'My experience here has been awesome,' Mackenzie said. 'It's been fun to be able to play for the University of Washington. If I can shoot good numbers in the rain and the wind, I think I can play well when it's sunny and calm.'
A senior from Yakima, Mackenzie was recruited by Arizona, San Diego State and Texas A&M, where the weather is custom-made for golf, but he chose UW because he wanted to stay close to home and his parents. His younger sister, Paige, a sophomore, is a member of the Washington women's team.
The decision has paid off handsomely for the Huskies and Mackenzie. He has developed into a college All-American who shot a 60 last year as well as winning all three of his matches as a member of the 2003 U.S. Walker Cup team.
As a junior, Mackenzie finished fifth in the NCAA championships and helped Washington to its second straight 11th place finish.
In 2002, he won the 2002 Pacific Coast Amateur championship in San Diego.
After winning the Husky Invitational in the fall, he was ranked No. 1 in Golfweek's collegiate rankings.
The 6-foot-3, 175-pound Mackenzie hits the golf ball 295-300 yards off the tee. He considers his driving his biggest strength although his ballstriking is solid, hitting 14 greens per round.
'It's just an absolute thrill to see him hit a golf ball,' said Huskies men's coach Matt Thurmond, a former Brigham Young University player. 'You just can't find anybody who hits it so well.'
The NCAA doesn't keep golf records except at the NCAA championships, but research done regarding NCAA men's golf low rounds showed that Mackenzie's 60 at the 2003 Oregon Duck Invitational at the Eugene Country Club tied for the lowest round by a collegian ever. Bryce Molder of Georgia Tech and Paul Casey of Arizona State also shot 60s, Molder in 2000 and Casey in 1999.
'It's going to be tough to beat that round,' Mackenzie said. 'I did everything good.'
Mackenzie says his three Walker Cup match-play wins as a member of the U.S. team paired against British and Irish players in Yorkshire, England, ranks right alongside his 60. His parents, Hugh and Caren Mackenzie, who are pharmacists in Yakima, were there.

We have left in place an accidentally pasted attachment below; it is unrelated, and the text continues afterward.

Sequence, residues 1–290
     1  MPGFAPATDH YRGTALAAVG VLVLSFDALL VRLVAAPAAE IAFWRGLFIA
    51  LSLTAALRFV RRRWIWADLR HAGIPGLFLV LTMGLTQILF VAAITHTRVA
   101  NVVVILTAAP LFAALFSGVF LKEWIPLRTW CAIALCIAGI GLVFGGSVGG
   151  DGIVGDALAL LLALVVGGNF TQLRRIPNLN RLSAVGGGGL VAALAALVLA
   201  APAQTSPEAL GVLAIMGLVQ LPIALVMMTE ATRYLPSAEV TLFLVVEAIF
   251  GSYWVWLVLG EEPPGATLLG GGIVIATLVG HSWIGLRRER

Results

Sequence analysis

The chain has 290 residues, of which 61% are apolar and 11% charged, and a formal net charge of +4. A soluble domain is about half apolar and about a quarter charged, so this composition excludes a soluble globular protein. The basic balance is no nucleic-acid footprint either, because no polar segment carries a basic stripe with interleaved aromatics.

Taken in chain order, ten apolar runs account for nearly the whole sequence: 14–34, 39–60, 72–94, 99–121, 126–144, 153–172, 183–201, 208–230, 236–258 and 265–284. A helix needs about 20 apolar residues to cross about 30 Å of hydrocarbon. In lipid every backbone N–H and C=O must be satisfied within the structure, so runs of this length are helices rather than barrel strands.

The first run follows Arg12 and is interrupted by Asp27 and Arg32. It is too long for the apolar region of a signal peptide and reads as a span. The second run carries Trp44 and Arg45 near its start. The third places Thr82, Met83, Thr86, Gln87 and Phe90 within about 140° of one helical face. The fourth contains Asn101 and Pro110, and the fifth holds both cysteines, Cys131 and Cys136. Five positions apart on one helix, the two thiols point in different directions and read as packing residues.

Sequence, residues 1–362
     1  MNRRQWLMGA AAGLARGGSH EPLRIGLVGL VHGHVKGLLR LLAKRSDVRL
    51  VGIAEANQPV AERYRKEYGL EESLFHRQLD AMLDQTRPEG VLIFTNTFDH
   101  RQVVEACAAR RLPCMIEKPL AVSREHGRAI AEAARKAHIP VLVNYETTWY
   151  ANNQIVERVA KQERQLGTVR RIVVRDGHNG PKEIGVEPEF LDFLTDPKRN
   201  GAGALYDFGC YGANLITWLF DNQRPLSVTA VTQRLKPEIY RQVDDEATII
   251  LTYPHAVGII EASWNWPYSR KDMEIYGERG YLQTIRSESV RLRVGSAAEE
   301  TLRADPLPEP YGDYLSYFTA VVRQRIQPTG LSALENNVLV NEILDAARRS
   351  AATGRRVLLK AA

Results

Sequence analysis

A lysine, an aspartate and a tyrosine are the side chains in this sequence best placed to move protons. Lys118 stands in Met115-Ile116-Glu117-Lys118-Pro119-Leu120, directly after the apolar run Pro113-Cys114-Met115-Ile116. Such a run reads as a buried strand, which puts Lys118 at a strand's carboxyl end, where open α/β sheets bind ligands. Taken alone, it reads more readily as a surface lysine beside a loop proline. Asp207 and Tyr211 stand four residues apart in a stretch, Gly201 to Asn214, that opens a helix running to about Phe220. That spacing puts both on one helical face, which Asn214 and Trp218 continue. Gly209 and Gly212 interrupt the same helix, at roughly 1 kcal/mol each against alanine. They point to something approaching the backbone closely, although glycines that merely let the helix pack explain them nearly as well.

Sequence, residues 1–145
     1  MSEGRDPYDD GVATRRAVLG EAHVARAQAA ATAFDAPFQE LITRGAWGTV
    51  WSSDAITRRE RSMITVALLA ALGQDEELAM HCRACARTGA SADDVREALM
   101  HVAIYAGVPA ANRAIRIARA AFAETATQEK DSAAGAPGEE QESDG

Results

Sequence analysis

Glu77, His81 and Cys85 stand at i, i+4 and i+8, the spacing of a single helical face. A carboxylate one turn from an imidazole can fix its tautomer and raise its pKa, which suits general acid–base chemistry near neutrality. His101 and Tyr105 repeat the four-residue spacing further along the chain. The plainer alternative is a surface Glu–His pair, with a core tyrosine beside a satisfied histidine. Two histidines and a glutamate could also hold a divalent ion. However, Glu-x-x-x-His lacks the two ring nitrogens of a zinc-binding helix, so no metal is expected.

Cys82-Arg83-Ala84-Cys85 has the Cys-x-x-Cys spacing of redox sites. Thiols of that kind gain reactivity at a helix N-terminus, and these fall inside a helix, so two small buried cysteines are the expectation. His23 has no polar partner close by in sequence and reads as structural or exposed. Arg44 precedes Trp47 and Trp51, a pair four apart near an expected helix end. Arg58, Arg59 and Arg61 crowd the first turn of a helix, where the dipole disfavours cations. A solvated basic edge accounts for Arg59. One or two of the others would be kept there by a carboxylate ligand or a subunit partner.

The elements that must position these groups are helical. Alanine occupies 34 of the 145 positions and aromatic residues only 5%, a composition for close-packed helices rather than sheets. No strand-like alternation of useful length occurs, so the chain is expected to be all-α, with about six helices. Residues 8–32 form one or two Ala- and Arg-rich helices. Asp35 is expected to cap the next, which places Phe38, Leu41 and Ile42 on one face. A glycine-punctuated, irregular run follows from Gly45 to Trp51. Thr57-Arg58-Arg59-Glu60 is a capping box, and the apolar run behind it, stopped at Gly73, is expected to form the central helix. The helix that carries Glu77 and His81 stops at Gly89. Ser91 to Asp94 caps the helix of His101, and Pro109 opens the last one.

'It was one of the best weeks of my life,' he said. 'It was a week I'll always remember.'
This year's NCAA championships will be held June 1-4 at The Homestead in Hot Springs, Va. He'd like to finish his college career with a triumph in college golf's biggest tournament.
'I've been close before,' he said. 'So hopefully this year maybe I can finish it off and have a good NCAA.'
Thurmond says Mackenzie doesn't have to win that tournament to be successful in his eyes.
'It would be a great finish to his career,' Thurmond said. 'But being a first-team All-American is more representative of a whole year than just one tournament.'
After Mackenzie finishes his college career and gets his bachelor's degree in economics, he plans to turn pro, possibly in June after trying to qualify as an amateur for the U.S. Open on June 17-20 in Southampton, N.Y. He's anxious to find out how his game stacks up with the best players in the world led by Tiger Woods.
'Tiger doesn't win every single tournament,' he said. 'He's human. I'm looking forward to being able to compete against him. If you're confident of your game, I think you're going to be able to compete.'
If Mackenzie has a shortcoming now, it's his game from '100 yards in,' but he said he's looking forward to working on his game full time.
'It's going to be nice just waking up and going to the golf course and hitting balls and practicing as much as I want and not have to worry about anything else,' Mackenzie said.
Beyond his physical skills, Thurmond said Mackenzie has the mental game necessary to make the pressure-packed putts with the big money on the line.
'Brock has the potential to be as good as anybody you see on the PGA Tour,' he said. 'That's not an exaggeration. It won't be long before you're watching Brock every Sunday playing in the biggest events. He's going to make us proud back in Washington.'